MS Dhoni is a terrific leader: Brendon McCullum
Published - Oct 26, 2016 3:54 pm | Updated - Oct 26, 2016 3:54 pm
Former New Zealand captain, Brendon McCullum feels that MS Dhoni would do much better if he comes to bat up the order and can make a much more impact on the game. Saying that he was not surprised at the knock of 80 that Dhoni played coming at No. 4, “I am definitely not surprised. He is a terrific leader. I think now that he doesn’t play Tests and his focus is squarely on limited overs means he can have more impact in the game. That is why probably he has pushed himself up in the batting order. And he has delivered. That is what world class players do.”
Talking about the form Virat Kohli is in this year, he said that comparisons with Sachin Tendulkar is inevitable. “I think we should just enjoy the guy who is at the top of his game and is entertaining crowds all around the world. I think comparisons are so difficult in this game, there are different conditions, different eras, different circumstances but we should not fail in recognizing that we have got an incredibly good player who is operating on the world stage at the moment,” he went on to say.
Speaking of the advantages of Dhoni coming higher up the order, he said that it would get two of India’s most experienced batsmen to play together, thus helping the cause of the team. In his words, “You have got two very experienced cricketers who are very calm under pressure and know to win games. Chasing scores is not easy and they understand the art of it. The other teams will hope that they don’t bat together too often but for India’s sake, you are enjoying the fact that two of your leaders are performing in pressure situations.”
McCullum, who announced his retirement earlier this year just before the World T20, still remains in shape and plays in various competitive leagues around the globe. He is already looking forward to next IPL, having recovered from a back surgery.
McCullum, who is here on a 4-day visit to India with Prime Minister John Key, was seen imparting his Rugby knowledge to kids at Delhi Rebels Rugby Club, he said, “It is definitely one of the challenges (to remain fit after international retirement) but you can overcome it if you stay physically fit, strong and motivated. I am still very much motivated. I am 35 years of age, I think I have still got three-four years of competitive cricket left and hopefully, I can perform.”
Speaking about New Zealand’s performance in India, he said it is a young team that is still learning. “Look India is always a tough place to tour. It is incredibly difficult here, the conditions are so different to what we have back home. I think the guys will take a lot of learning out of this tour. I am sure in time we will see the benefits of how tough this tour has been for the boys,” he said.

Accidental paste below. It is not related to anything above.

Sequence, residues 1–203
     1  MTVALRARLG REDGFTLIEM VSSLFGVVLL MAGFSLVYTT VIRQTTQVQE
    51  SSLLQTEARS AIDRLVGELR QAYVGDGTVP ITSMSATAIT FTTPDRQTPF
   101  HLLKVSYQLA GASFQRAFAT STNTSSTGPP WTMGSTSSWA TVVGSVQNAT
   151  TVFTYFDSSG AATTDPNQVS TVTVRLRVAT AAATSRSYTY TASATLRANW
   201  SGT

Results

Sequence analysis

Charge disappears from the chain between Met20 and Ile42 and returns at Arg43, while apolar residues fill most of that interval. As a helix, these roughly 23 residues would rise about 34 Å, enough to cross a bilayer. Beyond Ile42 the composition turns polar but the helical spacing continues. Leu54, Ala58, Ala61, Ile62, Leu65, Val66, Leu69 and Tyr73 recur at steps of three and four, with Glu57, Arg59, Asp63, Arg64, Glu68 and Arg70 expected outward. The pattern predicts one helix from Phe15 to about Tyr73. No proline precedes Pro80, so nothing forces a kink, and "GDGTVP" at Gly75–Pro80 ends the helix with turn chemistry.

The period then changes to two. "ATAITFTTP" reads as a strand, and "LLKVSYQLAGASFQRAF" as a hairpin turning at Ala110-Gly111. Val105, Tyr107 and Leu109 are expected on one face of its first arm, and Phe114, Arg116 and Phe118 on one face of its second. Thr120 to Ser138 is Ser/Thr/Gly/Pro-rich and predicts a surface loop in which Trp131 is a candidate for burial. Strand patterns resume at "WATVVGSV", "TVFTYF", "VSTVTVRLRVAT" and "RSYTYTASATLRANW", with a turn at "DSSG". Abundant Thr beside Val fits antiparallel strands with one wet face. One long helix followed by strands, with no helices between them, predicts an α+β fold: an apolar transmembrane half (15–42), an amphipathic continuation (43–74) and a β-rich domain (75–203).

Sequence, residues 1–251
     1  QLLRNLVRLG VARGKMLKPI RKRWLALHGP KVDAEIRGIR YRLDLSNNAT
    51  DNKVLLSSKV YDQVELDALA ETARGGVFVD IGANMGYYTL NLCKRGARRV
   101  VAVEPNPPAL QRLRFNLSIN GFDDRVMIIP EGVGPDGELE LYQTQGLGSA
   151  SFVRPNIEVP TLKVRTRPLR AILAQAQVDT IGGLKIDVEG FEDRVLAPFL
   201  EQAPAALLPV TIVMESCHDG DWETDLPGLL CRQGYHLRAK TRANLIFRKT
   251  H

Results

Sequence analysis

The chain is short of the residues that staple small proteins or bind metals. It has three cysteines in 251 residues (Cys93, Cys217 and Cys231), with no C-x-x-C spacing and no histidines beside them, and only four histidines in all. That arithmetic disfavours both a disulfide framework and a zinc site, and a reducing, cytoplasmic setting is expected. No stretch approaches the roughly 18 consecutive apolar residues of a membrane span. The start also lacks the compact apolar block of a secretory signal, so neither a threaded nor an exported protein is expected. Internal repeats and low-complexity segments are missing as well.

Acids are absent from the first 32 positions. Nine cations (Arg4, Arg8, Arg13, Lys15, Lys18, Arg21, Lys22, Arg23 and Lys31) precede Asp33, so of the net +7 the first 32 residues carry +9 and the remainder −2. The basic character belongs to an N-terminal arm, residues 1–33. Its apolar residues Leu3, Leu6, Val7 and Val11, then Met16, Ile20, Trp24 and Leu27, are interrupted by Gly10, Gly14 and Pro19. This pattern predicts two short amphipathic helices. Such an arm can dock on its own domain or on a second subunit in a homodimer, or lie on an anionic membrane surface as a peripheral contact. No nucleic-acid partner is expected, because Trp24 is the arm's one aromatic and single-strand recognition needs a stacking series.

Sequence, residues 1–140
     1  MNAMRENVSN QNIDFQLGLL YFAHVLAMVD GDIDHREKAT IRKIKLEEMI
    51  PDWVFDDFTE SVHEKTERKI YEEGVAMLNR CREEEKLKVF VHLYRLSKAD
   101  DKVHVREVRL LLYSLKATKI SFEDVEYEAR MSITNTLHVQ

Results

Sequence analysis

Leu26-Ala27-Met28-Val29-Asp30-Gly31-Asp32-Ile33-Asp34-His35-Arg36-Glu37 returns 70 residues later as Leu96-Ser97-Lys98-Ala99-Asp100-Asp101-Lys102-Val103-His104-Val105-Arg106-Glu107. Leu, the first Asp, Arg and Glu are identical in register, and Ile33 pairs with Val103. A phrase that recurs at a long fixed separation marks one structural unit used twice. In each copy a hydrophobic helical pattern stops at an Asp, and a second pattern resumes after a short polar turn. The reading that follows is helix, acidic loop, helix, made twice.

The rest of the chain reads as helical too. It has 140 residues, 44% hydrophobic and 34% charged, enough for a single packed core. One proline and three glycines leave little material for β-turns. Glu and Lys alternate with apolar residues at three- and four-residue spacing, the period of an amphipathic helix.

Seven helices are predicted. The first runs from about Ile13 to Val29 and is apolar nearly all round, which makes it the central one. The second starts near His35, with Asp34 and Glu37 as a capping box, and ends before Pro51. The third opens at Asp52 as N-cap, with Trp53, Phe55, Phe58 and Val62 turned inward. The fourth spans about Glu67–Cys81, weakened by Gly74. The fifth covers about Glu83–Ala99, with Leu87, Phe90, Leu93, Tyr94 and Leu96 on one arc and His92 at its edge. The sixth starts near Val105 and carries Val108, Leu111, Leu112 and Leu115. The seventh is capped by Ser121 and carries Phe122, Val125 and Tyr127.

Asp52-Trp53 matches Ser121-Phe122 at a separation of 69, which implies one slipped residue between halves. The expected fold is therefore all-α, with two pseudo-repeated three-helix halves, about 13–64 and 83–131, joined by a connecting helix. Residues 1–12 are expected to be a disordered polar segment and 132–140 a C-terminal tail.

Having a lot of experience of playing in India and also scoring a lot of runs here, he said that success here depends on how quick one adapts to the conditions here. “It is just the nature of touring India. What we are brought up on, the wickets and the conditions, are so different from what you get here. So it is a matter of trying to adapt as quickly as possible. I think some of the guys did that, especially Latham (Tom). I think he has been outstanding throughout the tour in a really tough position (opening).
“Kane (Williamson) also got some runs and he is required to score a lot more. In the end, you are not going to come over here and have instant success. As long as you are taking the learnings out of this experience, and continue to develop your game when you leave these shores, I think that is really important for a young team,” he said
Talking of Kane Williamson’s captaincy, he said that he is a good captain, but the times are rough, and that Kane shouldn’t be judged on these performances and be given some time to settle in. “I think Kane is going to be an incredible leader. At such a young age, he is already very mature. He is a world class player. I think the team is just finding itself in tough circumstances and you just have have to be careful that we don’t judge them too harshly on this tour because it is a tough place to come to. I am sure over the coming months, the leadership which is in place will stand up in their own conditions,” he said.
Quizzed about Ross Taylor’s failure to deliver, he did not blame his teammate, saying conditions are tough. “It is not for a lack of trying for all those guys. It is a tough place to tour. I know the guys are incredibly determined to perform over here”.
Talking about the positives that New Zealand can take from this series, he said, “Latham’s batting has been a huge positive. Luke Ronchi is a big positive, I thought the bowling group stuck to their tasks really well too. Again early stage for spinners Ish Sodhi and Mitchell Santner but I thought they performed really as well. I think the other thing is that India are the number one Test team in the world. It is not easy come over here and compete against them.”
Commenting on the future of Cricket, especially the longer format of the game, he said that all the three formats can co-exist. Having led New Zealand in a day-night test match for the first time, against Australia last year, he said, “I was skeptical about its existence at the outset when we played the debut match. But I think if you look at the success of that and the last couple of games, we have seen exciting finishes. As long as you get the pitches right for the different ball (pink ball), after all day night cricket is about the ball which is meant to allow you to play cricket in the night. As long as we have that, it is an outstanding acquisition for the cricketing fraternity.”